look closely. think twice. cut once.

Wednesday, April 29, 2015

My Only Slightly Uninformed Opinion on Tony Noms

Steven Boyer in Hand to God. Photo by Joan Marcus.
I should start with the caveat that I still haven't seen the following shows: The King and I, An American in Paris, Finding Neverland, Fish in the Dark, or Holler if Ya Hear Me (that last one's a lost cause, unfortunately, but I plan to catch the rest in the next month). I've seen the NTLive screening of Skylight, but not the current Broadway run yet.

That being said, here are my general thoughts on nominations and - I don't like the word snubs any more than you do - non-nominations. For a full list of nominees, click here.

Plays
While I'm not looking to kick out any of the four nominees for Best Play (Curious Incident ..., Disgraced, Hand to God, and Wolf Hall), I would have liked to see both Constellations and The River remembered, as I found them both such striking pieces of theater, moving and intimate and unusual. As for Best Revival of a Play, I don't have particularly strong opinions about what was included versus what was excluded - it's perhaps a sign that none of the Broadway play revivals this season really grabbed me (whereas the new plays were for the most part pretty exciting). Also, side note - how cool is it that a play got nominated for Best Choreography? And well-deserved - the staging of Curious Incident is something else.




Musicals
I'm good with three of the nominations on the list for Best Musical - An American in Paris, Fun Home, and The Visit. However, it's no secret I was extremely unimpressed by Something Rotten! and in my cynicism am reading its 10 nominations as credit to the fact that it's ... you know ... open ... or something. What would I swap in? While it had its flaws (an impractical story and a monochromatic design), I enjoyed a lot about The Last Ship. And then there's Honeymoon in Vegas, which everyone (including me) loved at Papermill and somehow found it lackluster when it finally transferred to Broadway. That one still boggles me a bit. And obviously, I'm sad Gigi was left out of the Best Revival of a Musical (though I agree with Side Show's omission), and would probably swap that out with On the 20th Century, which wasn't terrible but also wasn't terribly interesting to me. For Best Book of a Musical, I'd swap in Andrew Bergman for Honeymoon in Vegas and swap out Something Rotten!; and for Best Original Score, probably the same move, shifting in Jason Robert Brown for Honeymoon. Very glad to see Sting's score for The Last Ship remembered. I'm not schooled enough on Orchestrations to have much of an opinion here.

Acting
I'm pretty good with the lists for Leading Role in a Play, both Actor and Actress. While it would have been nice to see Douglas Sills or Hugh Jackman included as well, I recognize how tough the competition is. Mostly I'm just glad Steven Boyer's transcendent work was acknowledged. For Featured Role in a Play, I'm again pleased to see who was included, but would have liked to see nods for Bryce Pinkham in The Heidi Chronicles and Cush Jumbo in The River. That being said, I'm ecstatic to see K. Todd Freeman, Richard McCabe, Annaleigh Ashford, Lydia Leonard, and Julie White in the lists. For Leading Role in a Musical, the competition was tough, and there's no one I'd kick out of either list (though it would have been nice to see Lisa Howard, the only part of It Shoulda Been You I enjoyed, get a nod). For Featured Role in a Musical, HOLY CRAP Fun Home. How fantastic that all three Alisons were nominated (Beth Malone for lead, Sydney Lucas and Emily Skeggs for Featured)? The only thing taking away from my excitement for this (and the additional inclusion of the brilliant Judy Kuhn) is the worry they might cancel each other out. For the menfolk, it was nice to see Max von Essen, whom I first saw as a fantastic Jesus in the 2000 Jesus Christ Superstar, get a nod. Speaking of past Jesuses, I would have liked to see Paul Alexander Nolan's work in Doctor Zhivago - the high point of a show that was completely shut out of the Tony noms - get nominated as well.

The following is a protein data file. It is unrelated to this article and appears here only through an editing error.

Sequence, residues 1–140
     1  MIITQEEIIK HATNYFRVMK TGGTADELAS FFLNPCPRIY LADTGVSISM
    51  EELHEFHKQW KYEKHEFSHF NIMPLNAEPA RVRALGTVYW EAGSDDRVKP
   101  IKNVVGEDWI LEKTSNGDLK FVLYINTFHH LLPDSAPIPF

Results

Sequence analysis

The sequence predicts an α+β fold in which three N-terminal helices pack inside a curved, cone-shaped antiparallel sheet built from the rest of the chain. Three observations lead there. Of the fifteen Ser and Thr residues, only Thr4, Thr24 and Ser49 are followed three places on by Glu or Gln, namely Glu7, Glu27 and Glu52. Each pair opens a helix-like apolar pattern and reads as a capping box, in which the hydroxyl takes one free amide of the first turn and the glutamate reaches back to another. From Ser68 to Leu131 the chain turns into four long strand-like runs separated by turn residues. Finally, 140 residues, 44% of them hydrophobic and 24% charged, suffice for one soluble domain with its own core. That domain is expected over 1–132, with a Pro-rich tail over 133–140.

Design
For Scenic Design, I'd swap out Tom Scutt's work for Constellations over Christopher Oram's Wolf Hall, and slip in Scott Pask's gorgeous set for The Visit over David Rockwell's more conventional work in On the 20th Century. Costume Design acknowledged good work on the whole, but I thought Jessica Pabst's work for The Heidi Chronicles should be included, as well as Paul Tazewell's work for Side Show. I'm not knowledgeable enough to speak intelligently about Lighting Design, so can't really complain except to once again bemoan the forgotten The River and Charles Balfour's work. And for Choreography, aside from my above joy that Curious Incident's fantastic stagework was included, I would have liked to see Steven Hoggett's percussive and engaging choreography for The Last Ship included as well. And finally, Best Direction. What could I remove to make way for Constellations, where Michael Longhurst's work cannot be overstated? Or what of Ian Rickson's work in The River? Or Joe Mantello's symphonic directing of Airline Highway? And what of John Doyle's signature durgical stamp on The Visit? What is a Zelda to do? Obviously I want to kick Something Rotten! out of the lineup again, but what of the plays? I'd probably knock out Scott Ellis for You Can't Take It with You, since I found it a largely obnoxious production (Annaleigh Ashford and James Earl Jones aside). But I can't kick the others out.
Jake Gyllenhaal and Ruth Wilson in Constellations, featuring the set design
by Tom Scutt. Photo by Joan Marcus.

So that's the long and long of it. I'm mostly please with who got acknowledged, and I'm kind of rooting for everyone. which is its own brand of awkward.

No comments:

Post a Comment